Everyone loves coloring (yes, even adults!). You can download free, printable coloring card templates online and schedule a virtual craft night party with family and friends! Send the link to your family and friends as an interactive gift, but trust us — you’re going to want to print a few copies for yourself.

  • Newspaper Seed-Starter Pots

You can grow dozens of new plants to fill your garden with beautiful flowers and plants for the cost of just a few packets of seed. And you don’t even need to buy new seed trays or planting pots! Just use your old newspapers – you simply need to fold the newspaper strips up and around the outside of a small glass to make a miniature pot, remove the glass, and turn them into perfect containers for starting seeds.

  • Simple Ombre Artwork

Even novice artists can recreate this eye-catching artwork. Just choose gradient shades you love and brush them onto a canvas – it’s that easy!

  • Easy Candle Sand Art

If you loved playing with sand as a kid, here’s a grown-up-friendly twist on this easy craft you’ll want to try. Just add a candle, and you’ve got a stylish centerpiece or accessory for your home!

Arts and Crafts Design / Arts and Crafts Products

There is a variety of arts and crafts design, as well as arts and crafts products made from different materials. Listed below are some of them.

  • Arts and Crafts Involving Textiles
  • Banner-making
  • T-shirt art
  • Knitting
  • Calligraphy
  • Cross-stitch
  • Crocheting
  • Patchwork
  • Lace-making
  • Embroidery
  • Felting
  • Macramé
  • Millinery
  • Needlepoint
  • String art
  • Quilting
  • Sewing
  • Shoemaking
  • Tapestry
  • Rug making
  • Weaving
  • Arts and Crafts Involving Paper or Canvas
  • Bookbinding
  • Calligraphy
  • Cardmaking
  • Papercraft
  • Scrapbooking
  • Collage
  • Decoupage
  • Embossing
  • Sketching
  • Marbling
  • Origami
  • Papier-mâché
  • Parchment craft
  • Stamping (with a rubber stamp)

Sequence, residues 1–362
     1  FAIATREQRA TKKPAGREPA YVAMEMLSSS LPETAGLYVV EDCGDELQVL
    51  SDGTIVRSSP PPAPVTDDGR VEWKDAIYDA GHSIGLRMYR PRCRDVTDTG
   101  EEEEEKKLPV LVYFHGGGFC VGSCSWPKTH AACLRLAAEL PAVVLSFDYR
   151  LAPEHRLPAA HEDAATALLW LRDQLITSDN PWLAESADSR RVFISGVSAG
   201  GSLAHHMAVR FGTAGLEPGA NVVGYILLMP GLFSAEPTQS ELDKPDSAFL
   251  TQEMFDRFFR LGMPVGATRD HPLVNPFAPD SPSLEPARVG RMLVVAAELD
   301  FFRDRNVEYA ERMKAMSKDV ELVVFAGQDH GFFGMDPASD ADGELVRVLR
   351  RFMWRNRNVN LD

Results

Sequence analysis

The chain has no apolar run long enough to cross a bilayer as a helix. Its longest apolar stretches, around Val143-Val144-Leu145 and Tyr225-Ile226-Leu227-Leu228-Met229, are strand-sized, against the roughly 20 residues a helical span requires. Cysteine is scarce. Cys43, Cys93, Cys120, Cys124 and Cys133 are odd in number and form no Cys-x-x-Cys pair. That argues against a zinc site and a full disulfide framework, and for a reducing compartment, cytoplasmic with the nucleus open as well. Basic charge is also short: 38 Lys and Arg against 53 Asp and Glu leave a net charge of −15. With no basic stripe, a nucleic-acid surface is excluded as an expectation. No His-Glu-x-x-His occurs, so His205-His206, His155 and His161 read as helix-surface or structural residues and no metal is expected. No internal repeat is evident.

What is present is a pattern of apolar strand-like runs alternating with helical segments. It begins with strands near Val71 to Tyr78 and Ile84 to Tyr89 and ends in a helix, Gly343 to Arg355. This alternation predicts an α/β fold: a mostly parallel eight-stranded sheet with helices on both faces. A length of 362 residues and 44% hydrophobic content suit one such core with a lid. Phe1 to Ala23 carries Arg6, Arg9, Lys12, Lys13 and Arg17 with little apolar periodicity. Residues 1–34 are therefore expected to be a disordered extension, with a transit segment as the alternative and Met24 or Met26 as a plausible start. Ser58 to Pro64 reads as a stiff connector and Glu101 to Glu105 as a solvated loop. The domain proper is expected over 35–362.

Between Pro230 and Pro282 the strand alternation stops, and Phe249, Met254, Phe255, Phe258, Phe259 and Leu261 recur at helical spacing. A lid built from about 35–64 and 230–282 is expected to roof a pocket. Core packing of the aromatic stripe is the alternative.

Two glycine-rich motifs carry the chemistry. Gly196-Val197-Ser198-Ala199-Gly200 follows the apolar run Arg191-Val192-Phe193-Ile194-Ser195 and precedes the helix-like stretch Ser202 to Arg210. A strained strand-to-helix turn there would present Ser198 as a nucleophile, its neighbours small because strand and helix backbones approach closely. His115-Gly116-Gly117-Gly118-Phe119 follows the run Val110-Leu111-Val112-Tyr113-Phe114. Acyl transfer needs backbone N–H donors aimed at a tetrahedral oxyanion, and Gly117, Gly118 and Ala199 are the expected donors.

• Arts and Crafts Involving Clay, Wood, or Metal
  • Jewelry
  • Cabinet making
  • Metalworking
  • Pottery
  • Sculpture
  • Lacquerware
  • Wood burning
  • Woodworking 
  • Other Arts and Crafts Designs / Products
  • Etching
  • Balloon animal
  • Beadwork
  • Doll making
  • Toymaking
  • Egg decorating
  • Glassblowing
  • Mosaics
  • Stained glass 

Arts and Crafts Central and South East Asia

The huge Asian continent has given birth to various types of art that predate anything seen in the West. For example, ancient pottery first appeared in China, as did sericulture, large-scale bronze sculpture, as well as jade carving and lacquerware, and also calligraphy.

In other fields – such as terracotta sculpture, for instance – Chinese creativity is unmatched, while in the arts of painting and metalwork the contribution of Chinese artists has been outstanding. The gigantism of Chinese statues is also well known.

The Chinese culture has had a major impact on the arts and crafts of other East Asian countries like Japan and Korea, although Japanese artists and craftsmen have also achieved worldwide renown in disciplines as diverse as origami, paper-folding, ink-and-wash painting ceramic art, woodcuts, and wood-carving.

Moreover, art on the Indian subcontinent – distinguished above all by its exceptional longevity – has developed more independently of China, although it was strongly influenced by Greek sculpture during the era of Hellenistic art, and latterly by Islamic art of the Persian Mughal Empire.

On the mainland, south-east Asian culture is exemplified by Khmer temple architecture, as well as Buddhist sculpture, batik textiles, and certain types of metallurgy, while on the archipelagos of Malaysia, Indonesia, and the Philippines, it shares many characteristics with the Oceanic art of the South Pacific.

Unfortunately, with the exception of certain types of stone and metalwork, most art of south-east Asia has – like much of the tribal art of Africa – disintegrated due to the effects of the climate. However, following the amazing find of a cave painting in the Maros-Pangkep caves near Maros, on the Indonesian island of Sulawesi, experts believe there is a great deal more prehistoric art there, waiting to be discovered.

Here are some examples of arts and crafts from Central and southeast Asian countries:

  • Pottery (Thailand)

Pottery in Thailand is generally for domestic use, including earthenware and ceramics. Originally, earthenware was influenced by the Mon people or Burmese made of red clay. It has a plain pattern and an unglazed surface. Ceramics were heavily influenced by the Chinese, yet developed with unique patterns by Thai craftsmen. Thai ceramics have a glossy surface and more neat and delicate details.

  • Lacquerware (Vietnam)